debt consolidation Why Debt Consolidation Doesn’t Work

Why Debt Consolidation Doesn’t Work

I’ll be clear to start out. Debt consolidation does not work well for the majority of people and their debt. Debt consolidation as it applies to this article does not include federal student loan debt consolidation which is generally a good move if possible for students recently out of college.
For most people the lure of using a debt consolidation company comes in the form of promises. Promises that debt collectors will stop calling, promises that your monthly payments will be lower, and promises that you’ll get out of debt.

But are these promises true?

Will the calls stop from creditors if you use a debt consolidation company. Sure from the creditors it may stop, but if you fall behind even a little bit with the company that now handles your debt payoffs, you’ll likely get a ton of calls, letters, damages to your credit score, and higher rates.

Lower monthly payments are possible. If you have a lot of credit card debt or unsecured debt and you can’t make your minimum monthly payments, debt consolidation companies claim that they’ll lower your monthly payments. They may ‘lower’ them for you, but really you are paying them to use their money to appease the credit card companies and others that you owe. As such, you are basically paying them extra money to make it seem like you are paying less a month.

Like a smoke and mirrors scheme, debt consolidation for high interest debt management simply moves around who you are paying interest to. The company will use it’s money to make your minimum monthly payments on your debt (or whatever amount they agree to that will ‘get you out of debt’). For this service, you’ll pay them a set amount from month to month some of that goes towards your debt, the rest is their profit. Often times the first payment to them is just for service fees and month after month you’ll be paying them money only of which some goes towards your actual debts.

Your monthly payments to them may be lower then your minimum monthly payment if you have a lot of unsecured debt especially on a credit card. You may be thinking ‘well my credit card payments will be less’ this way. Less money out of your pocket per month, but more money spent in the long run to get out of any debt.

Getting out of debt with debt consolidation programs is simply increasing the amount you’ll owe. Debt consolidation firms are good at working out deals with your creditors because the less money they have to pay out to them, the more they can keep from your ‘low monthly payment’ to them.

Other risks of debt consolidation programs include incurring late fees on your credit card itself. Sometimes the companies take a while to process your request or to actually start paying your debt off for you. This can lead to miss payments on your debt leading to lower credit scores and even more money paid out in fees and interest.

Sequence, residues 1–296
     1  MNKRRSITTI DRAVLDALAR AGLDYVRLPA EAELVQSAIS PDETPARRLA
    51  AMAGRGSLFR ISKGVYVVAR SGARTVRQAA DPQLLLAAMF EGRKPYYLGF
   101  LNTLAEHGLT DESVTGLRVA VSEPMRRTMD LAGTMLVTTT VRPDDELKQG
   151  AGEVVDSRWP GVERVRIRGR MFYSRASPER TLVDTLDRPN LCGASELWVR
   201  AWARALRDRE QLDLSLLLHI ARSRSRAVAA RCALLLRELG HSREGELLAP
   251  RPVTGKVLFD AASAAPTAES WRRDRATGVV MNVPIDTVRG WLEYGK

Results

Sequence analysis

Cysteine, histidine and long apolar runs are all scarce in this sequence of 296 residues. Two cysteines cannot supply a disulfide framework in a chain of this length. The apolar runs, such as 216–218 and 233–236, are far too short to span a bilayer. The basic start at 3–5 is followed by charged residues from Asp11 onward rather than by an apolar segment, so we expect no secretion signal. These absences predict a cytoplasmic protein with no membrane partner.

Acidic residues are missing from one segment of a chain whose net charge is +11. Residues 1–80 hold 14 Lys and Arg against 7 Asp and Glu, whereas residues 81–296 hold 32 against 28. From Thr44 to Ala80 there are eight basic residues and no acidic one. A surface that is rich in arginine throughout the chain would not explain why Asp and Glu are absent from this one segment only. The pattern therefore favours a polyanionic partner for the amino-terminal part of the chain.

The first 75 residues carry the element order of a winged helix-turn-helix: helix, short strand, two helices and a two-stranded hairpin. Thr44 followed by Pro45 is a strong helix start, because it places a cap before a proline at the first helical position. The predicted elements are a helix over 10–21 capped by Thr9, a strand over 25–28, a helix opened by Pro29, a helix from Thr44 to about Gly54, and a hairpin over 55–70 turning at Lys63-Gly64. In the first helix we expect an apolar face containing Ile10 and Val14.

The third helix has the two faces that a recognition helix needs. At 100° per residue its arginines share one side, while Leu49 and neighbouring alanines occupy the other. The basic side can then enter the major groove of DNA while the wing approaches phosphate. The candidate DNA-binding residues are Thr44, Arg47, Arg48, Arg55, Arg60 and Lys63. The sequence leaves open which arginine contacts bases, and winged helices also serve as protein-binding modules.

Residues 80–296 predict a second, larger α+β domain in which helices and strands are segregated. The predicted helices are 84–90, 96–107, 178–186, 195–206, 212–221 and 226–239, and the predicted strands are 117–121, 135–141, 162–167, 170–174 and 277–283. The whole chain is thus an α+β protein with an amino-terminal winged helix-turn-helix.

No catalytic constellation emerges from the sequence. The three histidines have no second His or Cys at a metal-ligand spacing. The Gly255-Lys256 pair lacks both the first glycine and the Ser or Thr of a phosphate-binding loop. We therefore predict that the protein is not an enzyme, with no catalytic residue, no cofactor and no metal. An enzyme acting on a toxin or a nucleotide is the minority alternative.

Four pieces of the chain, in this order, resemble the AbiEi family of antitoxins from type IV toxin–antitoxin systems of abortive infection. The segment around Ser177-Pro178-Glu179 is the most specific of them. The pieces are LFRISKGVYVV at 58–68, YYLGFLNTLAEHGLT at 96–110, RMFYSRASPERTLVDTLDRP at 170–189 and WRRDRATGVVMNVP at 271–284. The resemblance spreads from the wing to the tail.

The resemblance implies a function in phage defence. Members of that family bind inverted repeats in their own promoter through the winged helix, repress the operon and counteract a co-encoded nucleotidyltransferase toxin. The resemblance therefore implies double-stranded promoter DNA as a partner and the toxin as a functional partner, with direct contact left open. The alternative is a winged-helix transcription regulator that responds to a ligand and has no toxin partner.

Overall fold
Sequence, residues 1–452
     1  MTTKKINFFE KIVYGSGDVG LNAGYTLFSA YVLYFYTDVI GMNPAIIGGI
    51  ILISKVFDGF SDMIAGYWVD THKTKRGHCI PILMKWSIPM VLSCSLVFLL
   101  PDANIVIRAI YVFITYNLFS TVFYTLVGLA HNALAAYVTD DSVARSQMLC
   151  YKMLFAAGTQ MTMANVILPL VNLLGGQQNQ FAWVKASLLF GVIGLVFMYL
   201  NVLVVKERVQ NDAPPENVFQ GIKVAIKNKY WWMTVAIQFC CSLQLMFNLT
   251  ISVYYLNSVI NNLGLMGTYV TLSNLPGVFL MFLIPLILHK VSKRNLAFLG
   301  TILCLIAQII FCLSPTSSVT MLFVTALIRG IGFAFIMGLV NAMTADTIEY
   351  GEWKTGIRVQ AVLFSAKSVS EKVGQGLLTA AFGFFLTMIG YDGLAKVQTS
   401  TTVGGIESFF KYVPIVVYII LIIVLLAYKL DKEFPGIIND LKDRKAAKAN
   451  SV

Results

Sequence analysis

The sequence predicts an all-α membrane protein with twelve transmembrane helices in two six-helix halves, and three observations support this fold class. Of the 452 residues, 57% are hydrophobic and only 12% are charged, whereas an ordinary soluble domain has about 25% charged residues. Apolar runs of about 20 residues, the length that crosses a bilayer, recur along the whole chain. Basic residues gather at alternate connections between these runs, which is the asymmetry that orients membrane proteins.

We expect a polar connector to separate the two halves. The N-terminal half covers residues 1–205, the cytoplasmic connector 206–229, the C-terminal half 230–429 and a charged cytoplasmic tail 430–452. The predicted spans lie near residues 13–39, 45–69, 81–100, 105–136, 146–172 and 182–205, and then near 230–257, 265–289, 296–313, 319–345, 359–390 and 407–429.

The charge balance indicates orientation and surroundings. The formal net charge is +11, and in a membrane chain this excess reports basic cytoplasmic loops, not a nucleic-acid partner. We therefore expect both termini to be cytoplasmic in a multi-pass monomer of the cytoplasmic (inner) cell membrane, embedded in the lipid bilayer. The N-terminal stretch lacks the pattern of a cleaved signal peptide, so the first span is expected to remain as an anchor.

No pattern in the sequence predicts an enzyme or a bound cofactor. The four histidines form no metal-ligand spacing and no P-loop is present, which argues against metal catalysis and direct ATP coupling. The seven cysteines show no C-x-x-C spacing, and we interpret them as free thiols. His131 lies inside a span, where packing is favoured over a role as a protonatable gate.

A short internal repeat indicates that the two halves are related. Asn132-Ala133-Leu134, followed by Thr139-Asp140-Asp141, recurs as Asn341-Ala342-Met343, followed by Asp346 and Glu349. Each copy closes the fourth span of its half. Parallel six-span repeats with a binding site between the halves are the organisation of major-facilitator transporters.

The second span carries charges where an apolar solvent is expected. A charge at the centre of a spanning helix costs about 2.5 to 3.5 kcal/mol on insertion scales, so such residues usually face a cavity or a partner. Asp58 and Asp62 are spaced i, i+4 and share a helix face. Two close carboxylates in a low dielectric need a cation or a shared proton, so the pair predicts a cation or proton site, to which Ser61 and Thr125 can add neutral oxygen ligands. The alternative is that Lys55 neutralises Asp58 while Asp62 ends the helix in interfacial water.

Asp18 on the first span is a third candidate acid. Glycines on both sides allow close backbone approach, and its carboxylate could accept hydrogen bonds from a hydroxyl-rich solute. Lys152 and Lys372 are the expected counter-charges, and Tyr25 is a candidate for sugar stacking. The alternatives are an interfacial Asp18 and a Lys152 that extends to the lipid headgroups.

Should I get help from a debt consolidation program if I can’t make minimum payments?

This article is telling you that debt consolidation does not work, but you are sitting there wondering how you’ll pay your next minimum payment. Debt consolidation programs should be a last resort.

Instead consider the following before ever calling a debt consolidation company:

– Call your creditors. Say you have a credit card with a monthly payment you can no longer afford or can barely afford. Call them and be honest about it. If you’ve made payments on time for a good period of time, they may be willing to listen. After all, getting some money is better then no money. You may be able to lower your interest or reduce your monthly payment.

– Transfer balances – If your credit is good, consider transferring your balances from high interest cards to lower interest cards. Many banks offer balance transfers to a new card, just read up on the terms of the transfer such as interest and balance transfer fees.

– Pay as much as you can – If at all possible, just keep paying down your debt. Don’t spend anymore on that credit card until it is paid off. Sell some things, pick up some extra hours at work, do whatever you can to keep making the minimum payments.

If you still can’t make the minimum payments and your creditor won’t cut a deal with you, a debt consolidation plan may help you for now. But again, debt consolidation companies should be a last resort. You may pay them a flat rate less then what you were paying, but consider how little of that payment is actually going to your debt. Debt consolidation companies really just offer a way to avoid damaging your credit history while making a lot of money doing so.… read more

credit score How is a FICO Score Created?

How is a FICO Score Created?

A lot of people are wondering what they have to do in order for their score to be generated on a credit report with a credit reporting agency. As it turns out the process is not that difficult at all. Just because you have started a new credit file two weeks ago it does not mean that you will automatically have a credit score. Your credit report has to have certain qualifications.